Letter reporting on a two-day “teacher’s association” conference that was mailed in an illustrated envelope featuring the two-story Bridgewater Normal School, the first building in the United States specifically built for the education and preparation of future teachers. “Madison’ to “Uncle, Aunt”.

Letter reporting on a two-day “teacher’s association” conference that was mailed in an illustrated envelope featuring the two-story Bridgewater Normal School, the first building in the United States specifically built for the education and preparation of future teachers

Bridgewater to Fall River, Massachusetts: 1861. Unbound. This two-page letter is dated “Bridgewater, Dec. 14. 1861.” It is enclosed in an envelope featuring an illustration of the Bridgewater State Normal School which has been franked with a brown-red 3-cent Washington stamp (Scott #65). The envelope bears a red, circular “Bridgewater Ms.” postmark dated “Dec 16 1861.” The letter and envelope are in nice shape; the envelope flap was torn upon opening. Transcript included. Very good. Item #009159

Bridgewater Normal School was founded in 1840 by Horace Mann, the first Secretary of the Massachusetts Board of Education and “father of public education” in the United States, who appointed Nicholas Tillinghast as its first president, charging him to establish a school specifically for the purpose of educating future teachers. After calling the basement of the Bridgewater Town Hall home for six years, the school, moved into a then state-of-the-art two-story facility specifically constructed to meet its needs. The building contained a number of various-sized classrooms, each equipped with blackboards, and supported up to 85 students. (See Boyden’s The History of Bridgewater Normal School).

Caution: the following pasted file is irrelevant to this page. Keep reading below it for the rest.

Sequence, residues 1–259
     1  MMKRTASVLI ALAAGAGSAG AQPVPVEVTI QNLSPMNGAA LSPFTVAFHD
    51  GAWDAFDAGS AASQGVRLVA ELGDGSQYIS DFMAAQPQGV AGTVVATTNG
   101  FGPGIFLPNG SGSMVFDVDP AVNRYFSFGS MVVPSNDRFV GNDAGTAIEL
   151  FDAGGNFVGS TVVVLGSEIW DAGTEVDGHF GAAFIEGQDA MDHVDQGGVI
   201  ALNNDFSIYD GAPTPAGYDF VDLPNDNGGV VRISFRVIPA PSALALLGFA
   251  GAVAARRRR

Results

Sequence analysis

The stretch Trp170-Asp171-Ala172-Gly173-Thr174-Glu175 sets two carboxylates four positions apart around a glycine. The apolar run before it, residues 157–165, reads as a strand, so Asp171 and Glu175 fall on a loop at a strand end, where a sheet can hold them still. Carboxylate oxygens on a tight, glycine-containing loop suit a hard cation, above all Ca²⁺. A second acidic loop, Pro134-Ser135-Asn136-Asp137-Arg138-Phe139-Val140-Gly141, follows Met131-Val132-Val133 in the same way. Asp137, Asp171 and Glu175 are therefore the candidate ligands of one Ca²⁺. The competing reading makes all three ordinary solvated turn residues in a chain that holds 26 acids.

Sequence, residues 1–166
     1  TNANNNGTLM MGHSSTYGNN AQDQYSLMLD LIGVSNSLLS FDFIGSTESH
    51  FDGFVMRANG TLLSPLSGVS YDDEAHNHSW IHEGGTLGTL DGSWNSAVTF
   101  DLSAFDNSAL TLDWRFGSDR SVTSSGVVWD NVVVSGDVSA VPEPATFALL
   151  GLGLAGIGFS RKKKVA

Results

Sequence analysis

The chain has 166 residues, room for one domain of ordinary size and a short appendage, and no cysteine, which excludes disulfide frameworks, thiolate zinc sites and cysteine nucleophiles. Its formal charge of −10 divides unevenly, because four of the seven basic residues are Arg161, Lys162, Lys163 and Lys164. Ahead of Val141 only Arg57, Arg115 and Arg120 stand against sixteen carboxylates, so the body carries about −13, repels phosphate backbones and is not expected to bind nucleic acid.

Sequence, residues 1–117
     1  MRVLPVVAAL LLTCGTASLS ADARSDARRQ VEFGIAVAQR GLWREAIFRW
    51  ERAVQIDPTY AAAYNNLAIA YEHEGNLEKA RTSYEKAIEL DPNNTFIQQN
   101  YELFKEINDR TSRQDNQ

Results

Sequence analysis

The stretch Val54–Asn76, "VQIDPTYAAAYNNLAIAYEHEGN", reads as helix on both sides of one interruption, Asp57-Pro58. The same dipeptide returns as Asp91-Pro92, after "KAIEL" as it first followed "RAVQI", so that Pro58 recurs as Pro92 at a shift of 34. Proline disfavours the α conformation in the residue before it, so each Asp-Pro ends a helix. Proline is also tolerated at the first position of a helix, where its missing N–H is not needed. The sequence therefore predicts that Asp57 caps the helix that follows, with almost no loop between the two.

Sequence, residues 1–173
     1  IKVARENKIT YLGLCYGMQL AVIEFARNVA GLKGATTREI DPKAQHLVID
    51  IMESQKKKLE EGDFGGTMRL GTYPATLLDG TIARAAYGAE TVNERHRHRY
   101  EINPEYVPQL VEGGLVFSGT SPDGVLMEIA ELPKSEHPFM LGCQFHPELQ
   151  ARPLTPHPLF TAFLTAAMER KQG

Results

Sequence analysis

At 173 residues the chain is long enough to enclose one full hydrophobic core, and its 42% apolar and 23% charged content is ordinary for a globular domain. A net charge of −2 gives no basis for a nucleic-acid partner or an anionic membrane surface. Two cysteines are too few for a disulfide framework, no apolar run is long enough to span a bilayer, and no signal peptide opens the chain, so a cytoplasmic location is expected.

The two-story school building is featured on this cover.

In his letter, Madison reports that the school had closed for several days so that its “scholars” could attend a two-day “teacher’s association” held about three miles away in East Bridgewater. Madison and “a gentleman that boards here” walked to the conference and upon arrival enjoyed a free dinner of “pig and doughnuts.” Although Madison notes that there were several lectures, he spends far more time venting his displeasure about the “domicil” arranged for ten attendees that had “no comb or brush in the room, so we combed each other’s hair with our fingers,” although in the end, he reports that “on the whole [I] had rather a pleasant time. . . .” Bridgewater Normal School, which is recognized today as the “home of teacher education in America,” still exists as Bridgewater State University, the oldest permanently located school of higher education in Massachusetts and the second largest institution in that state’s public university system. (See the Bridgewater State University website.)

Madison’s unique letter reporting on the “teacher’s association” meeting provides historical evidence suggesting that even over 150 years ago, attendees at academic conferences were more interested in the free food and their accommodations than an event’s content. The illustrated “Bridgewater Normal School” cover is truly rare; there are no records of similar covers having appeared at public auctions or on eBay, none are for sale in the philatelic trade, and OCLC shows none are held by institutions.

Price: $350.00

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